Germany’s migration chief is sacked amid an asylum agency fraud scandal – but is the problem solved?

The ousted head of Germany’s refugee agency was central to an unfolding asylum application fraud scandal, but firing her won’t fix core “structural problems” in the country's migration system, a geopolitical analyst has told RT.

After serving just 18 months as head of the Federal Office for Migration and Refugees (BAMF), Jutta Cordt was fired this week by Interior Minister Horst Seehofer, after an internal review discovered that the agency’s branch in the city of Bremen had violated legal and internal regulations for the approval of asylum applications. The decision was quietly announced on Friday, and Rainer Rothfuss, a geopolitical analyst and professor at Tübingen University’s Institute of Geography in Baden-Württemberg, feels the sacking was long overdue.

“It is quite late now that Horst Seehofer tries to find the responsible or the culpable person at the top of the BAMF organization,” Rothfuss said. “He should have broken up the coalition already in 2015 to protest against Angela Merkel for breaking the German laws and letting migrants flow into our country.”

In April, it was revealed that a former BAMF official at the Bremen office was under investigation on suspicion of taking bribes from at least 1,200 asylum seekers, starting in 2013. Other officials at the agency were also probed for possibly having taken part in the scheme. They include an interpreter and three lawyers. After reviewing some 1,371 asylum cases from 2013 to 2017, an internal audit allegedly found the Bremen branch responsible for violating the law in 142 instances, Der Spiegel reported. In 54 percent of the Bremen decisions there had been no admissible request. In about 40 percent of cases, the identity of the asylum seekers was not clarified, the report said.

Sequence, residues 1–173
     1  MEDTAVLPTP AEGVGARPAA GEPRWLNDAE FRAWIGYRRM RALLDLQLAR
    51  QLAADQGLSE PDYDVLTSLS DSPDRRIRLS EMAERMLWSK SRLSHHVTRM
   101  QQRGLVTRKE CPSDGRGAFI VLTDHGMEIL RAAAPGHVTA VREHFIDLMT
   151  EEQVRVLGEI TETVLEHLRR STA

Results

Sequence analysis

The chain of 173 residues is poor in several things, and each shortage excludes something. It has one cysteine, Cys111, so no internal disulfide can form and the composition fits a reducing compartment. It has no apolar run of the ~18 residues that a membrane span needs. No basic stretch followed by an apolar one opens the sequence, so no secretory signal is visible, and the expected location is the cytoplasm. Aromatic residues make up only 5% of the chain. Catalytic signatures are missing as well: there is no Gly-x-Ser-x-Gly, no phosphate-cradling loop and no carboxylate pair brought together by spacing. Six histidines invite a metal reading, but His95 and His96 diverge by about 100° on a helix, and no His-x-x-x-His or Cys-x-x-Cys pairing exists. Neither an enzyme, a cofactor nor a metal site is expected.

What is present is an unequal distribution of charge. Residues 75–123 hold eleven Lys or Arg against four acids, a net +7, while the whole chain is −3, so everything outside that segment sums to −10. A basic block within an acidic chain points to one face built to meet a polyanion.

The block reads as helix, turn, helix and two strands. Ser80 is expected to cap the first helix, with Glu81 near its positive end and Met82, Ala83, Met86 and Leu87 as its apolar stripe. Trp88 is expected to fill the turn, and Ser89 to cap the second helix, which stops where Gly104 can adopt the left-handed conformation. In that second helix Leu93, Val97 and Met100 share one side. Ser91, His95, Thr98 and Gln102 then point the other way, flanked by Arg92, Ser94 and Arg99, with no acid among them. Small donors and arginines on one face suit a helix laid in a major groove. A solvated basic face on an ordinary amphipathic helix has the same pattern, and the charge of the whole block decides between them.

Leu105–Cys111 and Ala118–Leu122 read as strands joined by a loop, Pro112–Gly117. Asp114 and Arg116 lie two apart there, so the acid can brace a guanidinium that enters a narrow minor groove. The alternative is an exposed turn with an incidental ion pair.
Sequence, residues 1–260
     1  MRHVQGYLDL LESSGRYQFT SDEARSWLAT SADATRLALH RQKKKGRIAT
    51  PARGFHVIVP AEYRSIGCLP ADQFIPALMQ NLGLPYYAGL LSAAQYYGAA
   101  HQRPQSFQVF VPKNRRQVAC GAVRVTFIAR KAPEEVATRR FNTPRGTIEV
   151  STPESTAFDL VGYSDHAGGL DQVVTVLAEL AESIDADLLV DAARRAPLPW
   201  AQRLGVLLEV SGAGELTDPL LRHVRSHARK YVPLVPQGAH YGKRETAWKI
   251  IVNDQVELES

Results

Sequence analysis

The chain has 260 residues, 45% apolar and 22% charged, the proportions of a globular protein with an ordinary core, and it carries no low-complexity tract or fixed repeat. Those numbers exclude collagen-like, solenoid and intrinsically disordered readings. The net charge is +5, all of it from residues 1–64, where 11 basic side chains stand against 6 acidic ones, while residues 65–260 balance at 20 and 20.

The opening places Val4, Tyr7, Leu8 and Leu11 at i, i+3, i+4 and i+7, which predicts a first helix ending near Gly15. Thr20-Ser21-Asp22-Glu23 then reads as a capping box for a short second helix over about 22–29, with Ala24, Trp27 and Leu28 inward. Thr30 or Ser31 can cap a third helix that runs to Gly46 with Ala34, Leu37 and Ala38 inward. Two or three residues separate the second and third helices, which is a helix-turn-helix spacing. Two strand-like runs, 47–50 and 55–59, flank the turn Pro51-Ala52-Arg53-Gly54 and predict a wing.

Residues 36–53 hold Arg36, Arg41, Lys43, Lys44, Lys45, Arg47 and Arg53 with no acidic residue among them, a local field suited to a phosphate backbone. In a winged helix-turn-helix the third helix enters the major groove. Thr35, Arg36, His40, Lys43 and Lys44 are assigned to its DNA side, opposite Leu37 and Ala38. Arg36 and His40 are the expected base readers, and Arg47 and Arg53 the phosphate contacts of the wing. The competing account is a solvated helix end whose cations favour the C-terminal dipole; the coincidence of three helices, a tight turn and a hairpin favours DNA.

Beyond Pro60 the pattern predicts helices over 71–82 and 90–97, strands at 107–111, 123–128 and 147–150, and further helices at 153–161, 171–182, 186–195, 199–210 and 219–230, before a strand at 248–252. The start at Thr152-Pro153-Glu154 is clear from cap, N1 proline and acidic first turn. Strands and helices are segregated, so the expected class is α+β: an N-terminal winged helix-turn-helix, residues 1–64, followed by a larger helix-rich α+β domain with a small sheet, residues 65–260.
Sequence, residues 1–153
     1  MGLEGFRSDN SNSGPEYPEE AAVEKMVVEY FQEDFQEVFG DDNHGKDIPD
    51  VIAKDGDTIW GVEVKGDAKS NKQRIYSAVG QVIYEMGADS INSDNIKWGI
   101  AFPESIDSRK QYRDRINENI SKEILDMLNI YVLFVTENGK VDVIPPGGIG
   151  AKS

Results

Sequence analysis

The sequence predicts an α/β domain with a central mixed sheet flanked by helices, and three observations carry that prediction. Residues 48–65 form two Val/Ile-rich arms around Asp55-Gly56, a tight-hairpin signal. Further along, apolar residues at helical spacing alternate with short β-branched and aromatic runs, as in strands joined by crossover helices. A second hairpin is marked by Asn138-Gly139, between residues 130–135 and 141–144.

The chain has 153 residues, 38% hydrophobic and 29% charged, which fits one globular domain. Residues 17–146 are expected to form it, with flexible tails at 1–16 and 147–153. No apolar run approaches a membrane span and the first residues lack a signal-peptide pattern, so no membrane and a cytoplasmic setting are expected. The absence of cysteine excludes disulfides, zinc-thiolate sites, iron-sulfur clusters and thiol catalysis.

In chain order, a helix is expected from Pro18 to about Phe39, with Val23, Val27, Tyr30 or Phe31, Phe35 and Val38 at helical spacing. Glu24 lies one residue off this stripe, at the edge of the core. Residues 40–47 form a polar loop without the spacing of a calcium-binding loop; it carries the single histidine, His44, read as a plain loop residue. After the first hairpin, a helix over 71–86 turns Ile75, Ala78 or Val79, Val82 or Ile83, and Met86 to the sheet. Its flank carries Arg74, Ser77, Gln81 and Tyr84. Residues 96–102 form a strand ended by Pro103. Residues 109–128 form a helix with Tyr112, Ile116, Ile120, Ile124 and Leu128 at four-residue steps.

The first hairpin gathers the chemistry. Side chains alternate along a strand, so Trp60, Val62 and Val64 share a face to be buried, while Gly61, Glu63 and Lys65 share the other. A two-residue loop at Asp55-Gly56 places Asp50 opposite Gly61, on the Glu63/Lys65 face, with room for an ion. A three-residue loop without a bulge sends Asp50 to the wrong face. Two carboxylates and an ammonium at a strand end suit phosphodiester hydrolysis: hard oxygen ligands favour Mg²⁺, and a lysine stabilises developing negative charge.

In the wake of the scandal, BAMF launched additional probes at other locations. Meanwhile, the scandal only deepened the problem with the country’s asylum system and has threatened Angela’s Merkel fragile ruling coalition, which barely formed a government in March, after the right-wing Alternative for Germany (AfD) cruised into the Bundestag in last year’s national elections. With some 50,000 applications backlogged, many in Germany wonder how the refugee crisis will be sorted.

“Just changing the head of the office does not solve the problem. The problem is of a structural nature. It is just the sheer number of asylum applications which overwhelm those structures,” Rothfuss explained to RT. “It is not the right decision now by Horst Seehofer just to exchange Jutta Cordt again and put a new person in charge because the basic problem remains the same.”

More than a million migrants –from predominantly Muslim countries– have entered Germany since the refugee crisis erupted in 2015, fueling strong anti-migrant sentiments and protests against Merkel’s open-door policy. A number of terrorist attacks involving refugees followed, as well the notorious sexual harassment incidents during the 2015 New Year's Eve celebrations in Cologne and other cities.

Some 62 percent of Germans polled by Infratest dimap are in favor of turning back undocumented migrants at the border. The poll, released on Friday, also showed that some 86 percent want faster deportations of rejected asylum applicants.

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